Much was made about Manti Te’o’s forty yard dash time at the NFL Combine in late February. His 4.82 time made national headlines that added to the trendy public bashing of the Notre Dame linebacker. But that forty time wasn’t all that surprising to evaluators who watched him on film. His lack of great range and burst was apparent based on his play this season.
Now, after improving his forty time by, according to ESPN’s Todd McShay, nearly a tenth of a second, Te’o’s 4.71 official time (also ran a 4.75) has got people talking about the rejuvenation in his draft stock.
So while his perceived “speed” based on his running the forty has changed, his struggles this year versus Stanford and Alabama haven’t. And, unfortunately for Te’o, his draft grade hasn’t changed either.
At Optimum Scouting, we focus most of our attention as we evaluate players on their “round grade”. This grading ideal, similar to what many NFL teams use, allows us to maintain a broad idea of where each player will fit in the NFL and what his value is compared to other players at the position and in the draft overall. These “round grades” take multiple games of study along with discussion amongst the staff to finalize. They don’t necessarily change overnight without added film study or reviewing notes to gain a better perspective.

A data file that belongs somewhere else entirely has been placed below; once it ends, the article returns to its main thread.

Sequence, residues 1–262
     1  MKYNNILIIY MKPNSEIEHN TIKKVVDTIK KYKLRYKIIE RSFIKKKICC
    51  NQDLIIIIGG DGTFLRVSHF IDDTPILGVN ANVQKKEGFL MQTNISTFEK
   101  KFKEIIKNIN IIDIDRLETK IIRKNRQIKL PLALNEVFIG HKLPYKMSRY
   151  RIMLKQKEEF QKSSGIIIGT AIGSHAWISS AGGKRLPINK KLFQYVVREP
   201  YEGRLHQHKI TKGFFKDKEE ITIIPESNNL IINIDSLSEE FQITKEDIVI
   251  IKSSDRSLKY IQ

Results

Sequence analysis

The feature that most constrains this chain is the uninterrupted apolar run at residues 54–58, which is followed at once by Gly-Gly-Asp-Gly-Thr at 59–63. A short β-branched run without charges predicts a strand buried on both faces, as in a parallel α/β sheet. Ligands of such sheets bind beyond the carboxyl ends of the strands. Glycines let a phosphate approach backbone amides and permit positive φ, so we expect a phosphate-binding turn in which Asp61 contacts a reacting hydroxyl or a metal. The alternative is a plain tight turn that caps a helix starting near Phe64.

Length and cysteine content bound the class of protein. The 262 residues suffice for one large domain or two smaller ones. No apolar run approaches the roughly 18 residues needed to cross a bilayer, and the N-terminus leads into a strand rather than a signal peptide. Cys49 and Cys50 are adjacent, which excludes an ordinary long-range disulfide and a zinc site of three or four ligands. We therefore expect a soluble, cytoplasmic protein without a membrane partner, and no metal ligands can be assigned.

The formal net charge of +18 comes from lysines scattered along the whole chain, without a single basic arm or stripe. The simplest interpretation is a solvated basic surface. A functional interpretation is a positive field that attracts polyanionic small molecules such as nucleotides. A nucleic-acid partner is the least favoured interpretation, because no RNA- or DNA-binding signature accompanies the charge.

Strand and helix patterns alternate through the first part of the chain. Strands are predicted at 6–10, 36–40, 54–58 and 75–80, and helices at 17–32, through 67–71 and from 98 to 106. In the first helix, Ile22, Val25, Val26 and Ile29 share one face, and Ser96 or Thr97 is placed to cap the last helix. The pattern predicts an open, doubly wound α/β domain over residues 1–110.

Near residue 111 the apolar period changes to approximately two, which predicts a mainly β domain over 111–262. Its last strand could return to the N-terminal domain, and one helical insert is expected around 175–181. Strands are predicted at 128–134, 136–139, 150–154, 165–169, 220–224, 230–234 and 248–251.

They certainly don’t get adjusted much thanks to Pro Days, especially when considering JUST the forty yard dash. And despite what many in the media perceive, NFL team’s grades don’t hinge on just one running of the forty yard dash, especially for an inside linebacker.
Manti Te’o has great football IQ, in the class of Patrick Willis and Luke Kuechly before him, and he’s able to adjust and redirect well enough to make plays in coverage and against the run because of it. But he lacks great range on film, struggles to adjust off of man-blocking guards, and doesn’t regain his balance well on the interior versus downhill blockers. He’ll likely need a 3-4 defense to have NFL success, and even then he’s no lock to be a 3-down player.
Add in his character concerns which have given NFL teams serious concerns , and it adds up to being a near-lock that he WON’T go in the 1st round. NFL scouts, as well as our own evaluations, will give him his 2013 “round grade” based on his play at Notre Dame and the character check-up process.
His forty time at the Combine didn’t push him out of the first round, and his Pro Day times didn’t vault him back into it. Based on my evaluations his round grade is closer to the 3rd round than the 1st. And it wouldn’t shock me if NFL teams agreed.
Other Notes from Notre Dame Pro Day